By Rachel Harvey
When you are unsure of yourself and start pulling back into doubt and small living, she’s the one inside saying, ‘get up from there and live like the glorious girl you are.’ She’s the power inside you, you understand. And whatever it is that keeps you widening your heart, that’s Mary too, not only the power inside you but the love. And when you get down to it, Lilly, that’s the only purpose grand enough for a human life. Not just to love, but to persist in love. ~ The Secret Life of Bees by Sue Monk Kidd
“You’re old enough to make up your own mind.” Rev. Jan had patiently listened to my conflict of faith for a while before shattering my worldview with one sentence.
I grew up in a loving Pennsylvania Dutch family and church where conversations about sexuality were taboo. When I arrived at college two hours from everything and everyone I knew, Neil, my neighbor and Resident Advisor was the first person I met. We became quick friends sharing a dry sense of humor, love of volleyball and desire to change the world as social workers. Through my friendship with Neil and participants in a multicultural student group I began to find a new sense of home.
A few months into the semester I learned through the grapevine that Neil was gay…and I freaked out. Neil was the first out gay person I’d met, and in addition to smashing all stereotypes I’d learned about gay people, he was a really great friend. After suffering silently through the conflict of my faith (a belief that gay people were sinning and therefore going to hell) and friendship with Neil, I thankfully crossed paths with Rev. Jan Bye, the campus minister, who I was sure would tell me what to do.
Rev. Jan was the first person of faith who invited me to critically think about my faith, to question what I believed as an act of deep discipleship. She carved out a space in her office where I felt both safe to share and held accountable to explain my belief framework. I asked her for information from “both sides of the issue” which she provided and asked me to talk to lesbian, gay, bisexual and transgender people, get to know them, hear their personal stories and remember that people’s lives and love are not issues. When I felt ready, I went back to Neil and asked to hear about his journey as a gay man. As I heard other stories, made new friends, read and prayed, I felt a widening of my heart. I began to see God revealed in the lives and love of lesbian, gay, bisexual and transgender people and the layers of what it meant to be a follower of Jesus unveiled in new ways.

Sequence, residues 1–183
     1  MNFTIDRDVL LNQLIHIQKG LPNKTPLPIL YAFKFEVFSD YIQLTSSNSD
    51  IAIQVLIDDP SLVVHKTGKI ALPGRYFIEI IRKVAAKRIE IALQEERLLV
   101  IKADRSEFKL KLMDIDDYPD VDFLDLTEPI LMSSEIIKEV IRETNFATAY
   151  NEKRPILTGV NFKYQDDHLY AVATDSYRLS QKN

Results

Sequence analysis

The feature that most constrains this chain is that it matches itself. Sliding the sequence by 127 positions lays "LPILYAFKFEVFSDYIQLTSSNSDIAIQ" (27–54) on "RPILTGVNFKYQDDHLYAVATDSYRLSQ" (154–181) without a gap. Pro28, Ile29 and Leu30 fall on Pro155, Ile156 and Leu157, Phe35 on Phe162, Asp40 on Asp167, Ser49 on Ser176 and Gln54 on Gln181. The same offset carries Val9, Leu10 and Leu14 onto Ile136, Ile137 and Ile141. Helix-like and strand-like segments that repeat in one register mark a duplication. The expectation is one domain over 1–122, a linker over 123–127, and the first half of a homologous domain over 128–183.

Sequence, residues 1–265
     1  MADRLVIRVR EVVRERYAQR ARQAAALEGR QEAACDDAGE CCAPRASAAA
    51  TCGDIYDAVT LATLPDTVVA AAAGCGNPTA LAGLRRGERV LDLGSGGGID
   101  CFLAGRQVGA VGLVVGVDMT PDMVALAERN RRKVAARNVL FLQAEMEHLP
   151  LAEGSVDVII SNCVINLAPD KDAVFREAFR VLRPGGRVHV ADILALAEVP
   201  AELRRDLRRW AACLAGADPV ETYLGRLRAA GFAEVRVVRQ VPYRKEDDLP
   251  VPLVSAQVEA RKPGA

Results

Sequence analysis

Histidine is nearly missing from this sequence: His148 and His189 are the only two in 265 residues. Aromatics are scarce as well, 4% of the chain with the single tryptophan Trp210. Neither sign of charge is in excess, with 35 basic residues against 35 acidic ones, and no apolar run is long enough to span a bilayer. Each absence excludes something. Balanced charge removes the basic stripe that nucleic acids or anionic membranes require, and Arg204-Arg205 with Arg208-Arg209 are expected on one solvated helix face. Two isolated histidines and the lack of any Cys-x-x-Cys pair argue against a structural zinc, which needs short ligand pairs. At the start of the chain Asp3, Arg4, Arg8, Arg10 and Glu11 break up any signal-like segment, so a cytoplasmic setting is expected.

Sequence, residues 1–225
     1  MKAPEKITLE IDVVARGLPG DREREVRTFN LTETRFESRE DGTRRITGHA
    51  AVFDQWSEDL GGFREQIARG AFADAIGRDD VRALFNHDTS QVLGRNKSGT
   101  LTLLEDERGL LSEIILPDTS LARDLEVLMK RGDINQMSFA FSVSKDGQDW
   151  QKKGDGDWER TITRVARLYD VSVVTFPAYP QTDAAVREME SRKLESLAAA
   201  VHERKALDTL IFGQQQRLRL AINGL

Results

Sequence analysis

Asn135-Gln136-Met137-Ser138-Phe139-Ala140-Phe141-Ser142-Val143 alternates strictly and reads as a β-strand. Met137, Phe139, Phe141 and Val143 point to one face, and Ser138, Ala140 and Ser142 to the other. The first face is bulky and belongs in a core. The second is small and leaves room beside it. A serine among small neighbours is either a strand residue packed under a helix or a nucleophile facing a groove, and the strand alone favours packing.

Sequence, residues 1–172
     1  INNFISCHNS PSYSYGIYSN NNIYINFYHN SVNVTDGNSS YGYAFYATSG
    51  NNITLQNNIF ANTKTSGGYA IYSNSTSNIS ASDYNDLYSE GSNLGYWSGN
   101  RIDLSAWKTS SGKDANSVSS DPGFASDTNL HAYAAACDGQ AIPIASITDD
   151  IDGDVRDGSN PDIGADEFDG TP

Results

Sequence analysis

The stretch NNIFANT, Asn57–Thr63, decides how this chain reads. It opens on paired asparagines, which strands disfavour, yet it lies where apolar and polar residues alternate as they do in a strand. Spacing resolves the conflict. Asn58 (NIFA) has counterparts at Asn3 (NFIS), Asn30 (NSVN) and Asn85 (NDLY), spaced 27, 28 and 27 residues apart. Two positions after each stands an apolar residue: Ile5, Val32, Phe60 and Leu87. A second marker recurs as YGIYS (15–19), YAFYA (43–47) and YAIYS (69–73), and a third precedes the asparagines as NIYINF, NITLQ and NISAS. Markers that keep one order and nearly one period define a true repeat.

In 2006 when I first read The Secret Life of Bees, I felt like I’d finally found language to name the force that Rev. Jan and others had in my life. These “Mary’s” pivot on a persistent love of self and neighbor and call me to live the fullness of the Gospel through gracefully engaging in acts of solidarity. As a straight woman of color they have provided spaces for me to explore my experiences of privilege and marginality and through their support I continue to build up my resilience to oppressive forces within society and the church. As I seek to live a life that makes space for others to lead lives of love over fear, I give thanks for Rev. Jan and all the “Mary’s” in my life who have called me from doubt and small living to persist in love.
Rachel Harvey is a United Methodist Deaconess appointed to serve as Program Director of the Reconciling Ministries Network, organizing with United Methodists working for the full inclusion of people of all sexual orientations and gender identities in the Church and world. As a Deaconess, Rachel is in covenant community with “Mary’s” who’ve made a lifelong commitment to engage in ministries of love, justice and service. She grew up in Lebanon, PA, and has worked in United Methodist campus ministries, general agencies and organizations her whole life.